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A Landscape Ecology Approach to Pre-Harvest Food Safety


Overarching Goal: Apply landscape ecology to develop predictive models for the presence and genetic variation of foodborne pathogens persisting under agricultural and recreational land-management. <P>Objective 1: Based on an existing isolate collection, identify environmental, meteorological, host behavior and land-use factors influencing the likelihood of Listeria, Salmonella, and Escherichia coli pathogen presence in the environment to understand what parts of the landscape are hospitable or hostile to foodborne pathogens. <P>Objective 2: Quantify genetic variation in the existing isolate collection to detect the processes structuring that variation and understand how foodborne pathogens are transmitted across landscapes including potential natural and artificial barriers to transmission.<P> Objective 3: Develop and independently test predictive models resulting from objectives 1 and 2 in farm and recreational settings to identify pre-harvest intervention and control strategies. <P>While considerable information is available about environmental stress tolerance and survival of foodborne pathogens in farm environments, no explicit ecological analysis has been performed on natural pathogen populations to analyze the influences of environmental stress and land management activities on the spread and risk of produce contamination on farm landscapes. <P>By completing the proposed activities we will provide a completely new level of insight into foodborne pathogen transmission at the field level and will facilitate the development of new methods for the prevention of produce contamination and, hence, foodborne disease. This expected outcome is realistic in that such landscape analysis has already been completed by project staff examining fecal indicator bacteria.<P> This project is relevant to New York, as environmental-contamination-prone, ground-cultivated crops (e.g., cabbage, onions) are major products of New York agriculture. The ultimate goal of this research effort is to develop reliable, widely available computational tools to predict the risk of produce contamination as a map of farm lands. We expect such maps to provide guidance about the best investment of pre-harvest sampling effort to prevent foodborne disease.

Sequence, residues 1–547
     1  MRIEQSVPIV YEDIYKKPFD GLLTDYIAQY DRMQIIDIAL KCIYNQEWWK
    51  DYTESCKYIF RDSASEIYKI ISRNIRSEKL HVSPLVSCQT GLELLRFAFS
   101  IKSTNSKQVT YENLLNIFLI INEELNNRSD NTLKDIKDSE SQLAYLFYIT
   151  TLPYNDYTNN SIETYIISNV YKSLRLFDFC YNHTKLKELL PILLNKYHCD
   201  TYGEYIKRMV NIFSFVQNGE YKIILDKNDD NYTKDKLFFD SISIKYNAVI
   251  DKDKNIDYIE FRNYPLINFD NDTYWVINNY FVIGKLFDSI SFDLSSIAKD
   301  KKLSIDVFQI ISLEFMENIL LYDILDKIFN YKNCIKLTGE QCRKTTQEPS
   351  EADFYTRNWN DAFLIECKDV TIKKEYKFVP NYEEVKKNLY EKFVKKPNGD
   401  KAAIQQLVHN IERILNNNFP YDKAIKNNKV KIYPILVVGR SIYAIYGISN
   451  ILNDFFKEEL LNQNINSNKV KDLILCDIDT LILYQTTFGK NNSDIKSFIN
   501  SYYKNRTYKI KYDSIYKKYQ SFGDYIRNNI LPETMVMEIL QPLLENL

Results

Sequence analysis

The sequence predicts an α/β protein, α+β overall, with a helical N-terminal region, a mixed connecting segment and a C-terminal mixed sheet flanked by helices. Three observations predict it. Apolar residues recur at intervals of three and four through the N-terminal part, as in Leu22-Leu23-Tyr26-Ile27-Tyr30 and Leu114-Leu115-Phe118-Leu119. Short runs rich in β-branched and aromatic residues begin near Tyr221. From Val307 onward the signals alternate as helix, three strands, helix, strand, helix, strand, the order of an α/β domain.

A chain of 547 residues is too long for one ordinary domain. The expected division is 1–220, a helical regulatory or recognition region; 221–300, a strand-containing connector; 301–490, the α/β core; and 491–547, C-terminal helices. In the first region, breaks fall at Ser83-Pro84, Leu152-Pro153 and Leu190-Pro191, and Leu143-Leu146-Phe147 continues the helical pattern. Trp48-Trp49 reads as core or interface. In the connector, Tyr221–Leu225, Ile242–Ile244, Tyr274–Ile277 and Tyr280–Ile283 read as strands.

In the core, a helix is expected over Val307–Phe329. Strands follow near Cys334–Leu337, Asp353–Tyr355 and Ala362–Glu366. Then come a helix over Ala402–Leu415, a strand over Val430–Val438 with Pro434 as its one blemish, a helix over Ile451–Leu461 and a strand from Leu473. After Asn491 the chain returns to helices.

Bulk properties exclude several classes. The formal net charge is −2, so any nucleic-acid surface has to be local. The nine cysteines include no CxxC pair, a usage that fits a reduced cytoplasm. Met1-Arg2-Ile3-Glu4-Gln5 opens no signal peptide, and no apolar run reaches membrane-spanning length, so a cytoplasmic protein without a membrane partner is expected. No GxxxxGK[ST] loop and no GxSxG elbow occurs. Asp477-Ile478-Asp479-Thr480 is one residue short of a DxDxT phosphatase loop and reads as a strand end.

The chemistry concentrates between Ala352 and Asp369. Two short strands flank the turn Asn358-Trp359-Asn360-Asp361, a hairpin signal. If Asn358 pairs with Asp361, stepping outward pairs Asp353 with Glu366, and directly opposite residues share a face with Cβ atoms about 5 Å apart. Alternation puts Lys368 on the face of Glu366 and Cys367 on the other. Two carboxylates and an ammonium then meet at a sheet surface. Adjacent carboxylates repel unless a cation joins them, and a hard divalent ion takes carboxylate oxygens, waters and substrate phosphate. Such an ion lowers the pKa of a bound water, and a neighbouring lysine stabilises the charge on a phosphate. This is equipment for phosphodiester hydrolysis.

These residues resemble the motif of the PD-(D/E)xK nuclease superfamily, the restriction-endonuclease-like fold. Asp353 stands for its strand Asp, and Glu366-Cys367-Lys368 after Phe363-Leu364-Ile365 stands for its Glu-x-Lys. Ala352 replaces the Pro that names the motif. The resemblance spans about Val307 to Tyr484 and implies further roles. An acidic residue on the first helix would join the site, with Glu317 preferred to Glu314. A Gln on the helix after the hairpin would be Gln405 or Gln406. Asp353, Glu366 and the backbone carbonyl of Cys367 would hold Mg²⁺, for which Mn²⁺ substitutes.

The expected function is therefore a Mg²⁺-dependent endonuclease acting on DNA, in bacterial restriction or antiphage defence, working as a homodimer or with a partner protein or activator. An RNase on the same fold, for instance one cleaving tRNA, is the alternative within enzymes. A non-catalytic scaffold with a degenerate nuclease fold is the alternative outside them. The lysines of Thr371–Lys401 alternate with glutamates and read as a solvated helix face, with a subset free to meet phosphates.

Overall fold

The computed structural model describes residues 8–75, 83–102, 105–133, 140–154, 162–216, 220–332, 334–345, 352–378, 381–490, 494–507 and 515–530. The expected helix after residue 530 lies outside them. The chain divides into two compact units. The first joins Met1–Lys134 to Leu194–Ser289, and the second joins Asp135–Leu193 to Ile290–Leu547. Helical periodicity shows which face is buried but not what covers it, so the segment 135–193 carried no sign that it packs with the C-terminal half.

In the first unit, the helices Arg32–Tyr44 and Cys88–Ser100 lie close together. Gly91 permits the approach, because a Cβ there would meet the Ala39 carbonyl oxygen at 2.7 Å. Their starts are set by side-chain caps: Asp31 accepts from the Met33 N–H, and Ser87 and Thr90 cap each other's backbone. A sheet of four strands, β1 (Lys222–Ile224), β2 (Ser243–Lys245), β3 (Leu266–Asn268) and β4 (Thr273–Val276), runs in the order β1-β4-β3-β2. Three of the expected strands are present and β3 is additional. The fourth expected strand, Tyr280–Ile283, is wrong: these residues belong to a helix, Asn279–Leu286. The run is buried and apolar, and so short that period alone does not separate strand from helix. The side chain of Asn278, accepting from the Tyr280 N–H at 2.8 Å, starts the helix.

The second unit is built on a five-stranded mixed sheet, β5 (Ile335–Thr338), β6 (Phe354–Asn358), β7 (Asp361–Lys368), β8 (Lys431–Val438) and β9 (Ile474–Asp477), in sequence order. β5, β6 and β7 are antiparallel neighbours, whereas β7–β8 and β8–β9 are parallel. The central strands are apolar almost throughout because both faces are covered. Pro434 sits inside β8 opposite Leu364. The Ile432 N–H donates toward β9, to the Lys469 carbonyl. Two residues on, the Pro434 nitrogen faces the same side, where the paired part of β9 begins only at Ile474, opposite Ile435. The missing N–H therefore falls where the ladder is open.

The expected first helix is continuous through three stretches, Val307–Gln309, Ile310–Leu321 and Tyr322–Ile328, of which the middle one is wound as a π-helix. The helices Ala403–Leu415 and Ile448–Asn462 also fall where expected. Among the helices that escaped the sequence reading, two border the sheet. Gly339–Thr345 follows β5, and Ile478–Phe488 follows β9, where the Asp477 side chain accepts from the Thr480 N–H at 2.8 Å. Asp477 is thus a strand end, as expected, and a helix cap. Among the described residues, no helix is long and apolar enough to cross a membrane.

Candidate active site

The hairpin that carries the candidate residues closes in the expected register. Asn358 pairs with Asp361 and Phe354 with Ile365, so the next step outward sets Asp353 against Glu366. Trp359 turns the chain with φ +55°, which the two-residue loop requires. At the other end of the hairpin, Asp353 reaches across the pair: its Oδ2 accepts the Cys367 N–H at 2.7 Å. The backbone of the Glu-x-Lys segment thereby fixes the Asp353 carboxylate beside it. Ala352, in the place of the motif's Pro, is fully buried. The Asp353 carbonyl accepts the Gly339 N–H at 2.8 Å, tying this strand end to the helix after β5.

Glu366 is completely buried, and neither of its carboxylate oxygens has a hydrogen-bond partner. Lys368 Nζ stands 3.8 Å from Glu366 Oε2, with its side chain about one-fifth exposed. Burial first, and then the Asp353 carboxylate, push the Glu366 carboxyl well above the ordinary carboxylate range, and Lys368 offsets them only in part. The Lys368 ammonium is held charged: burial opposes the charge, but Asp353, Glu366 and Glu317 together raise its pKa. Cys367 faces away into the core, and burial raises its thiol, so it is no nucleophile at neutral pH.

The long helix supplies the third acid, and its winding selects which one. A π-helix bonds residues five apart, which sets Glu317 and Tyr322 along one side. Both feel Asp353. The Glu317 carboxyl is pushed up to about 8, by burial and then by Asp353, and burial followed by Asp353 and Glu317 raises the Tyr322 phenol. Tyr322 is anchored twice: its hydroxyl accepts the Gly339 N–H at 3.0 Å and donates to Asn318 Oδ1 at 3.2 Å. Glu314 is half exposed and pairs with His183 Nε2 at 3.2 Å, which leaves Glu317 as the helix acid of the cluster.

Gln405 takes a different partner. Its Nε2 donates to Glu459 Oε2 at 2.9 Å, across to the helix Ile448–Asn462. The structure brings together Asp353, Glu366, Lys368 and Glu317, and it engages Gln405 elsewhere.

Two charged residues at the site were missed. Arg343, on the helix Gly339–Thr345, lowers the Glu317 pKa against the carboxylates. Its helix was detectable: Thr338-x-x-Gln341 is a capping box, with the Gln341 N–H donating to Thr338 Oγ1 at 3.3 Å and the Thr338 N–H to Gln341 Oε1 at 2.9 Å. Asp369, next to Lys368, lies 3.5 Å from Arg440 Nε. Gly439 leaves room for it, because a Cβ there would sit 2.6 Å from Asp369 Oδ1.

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Non-Technical Summary: <BR>In 2006, E. coli O157:H7 in spinach resulted in 199 reported cases of disease and 31 cases of kidney failure. Investigating scientists reported that while feral swine were the contaminating agents, the swine were infected by diverse pathways including "a common source of exposure such as water or soil". Increasing numbers of foodborne disease outbreaks are associated with produce following contamination from irrigation water, soil or interaction of animal vectors with produce. As a consequence, produce farmers are required to control and monitor foodborne pathogens (FP) on fields; whole fields sometimes cannot be harvested if samples possibly contain FP. Improved strategies to control FP in pre-harvest produce environments are thus critical to the viability of small farms. The detection, modeling and the development of strategies to prevent transmission of FP to produce is fundamentally about understanding their ecology. We propose a new approach that uses landscape ecology as the framework to address two central questions about pathogen transmission in produce: i) what farm environments are hospitable or hostile to the persistence and transmission of FP, and ii) what do the pathogens themselves (i.e., their DNA) tell us about how they move across agricultural landscapes from environmental and artificial reservoirs to fresh produce This proposal will address these fundamental unknowns about the landscape ecology of FP enabling farmers and food safety experts to ultimately predict and prevent, through good agricultural practices, food contamination and outbreaks. <P> Approach: <BR> As part of an extensive sampling effort, our research group has already collected hundreds of foodborne pathogen (FP) isolates along with meteorological, environmental and land management data from sites in New York, Florida, and Colorado. For example in NY, 735 non-agricultural samples and 439 produce field samples yielded 65 and 72 samples positive for L. monocytogenes, respectively. Landscape ecology techniques will be used to identify the rules dictating the presence and distribution of FP. A set of techniques called ordinations and classification trees can help us determine what factors are linked to the presence of FP. To understand how FP are transmitted and structured on the landscape within each genus (e.g. within Listeria), we will first use DNA-based techniques to discern genetic relationships between isolates. Then, by applying further ordinations and GIS-based spatial analysis, we can detect how the landscape, weather and environment move FP across farm and recreational landscapes. If we observe sufficient detail in the data, we will test transmission cost-models, which are used to map the most efficient physical pathway for transmission across a landscape. After integrating the results of our analysis from Objectives 1 and 2, maps will be developed for new farm and recreational landscapes using predictions based on our data. These maps will color-code areas to reflect predicted risk of produce contamination based on a classification model with remotely-sensed landscape and meteorological data as predictors. A new sampling study will be conducted to provide an initial test of where we expect to find pathogens in new study sites.

Wiedmann, Martin
Cornell University
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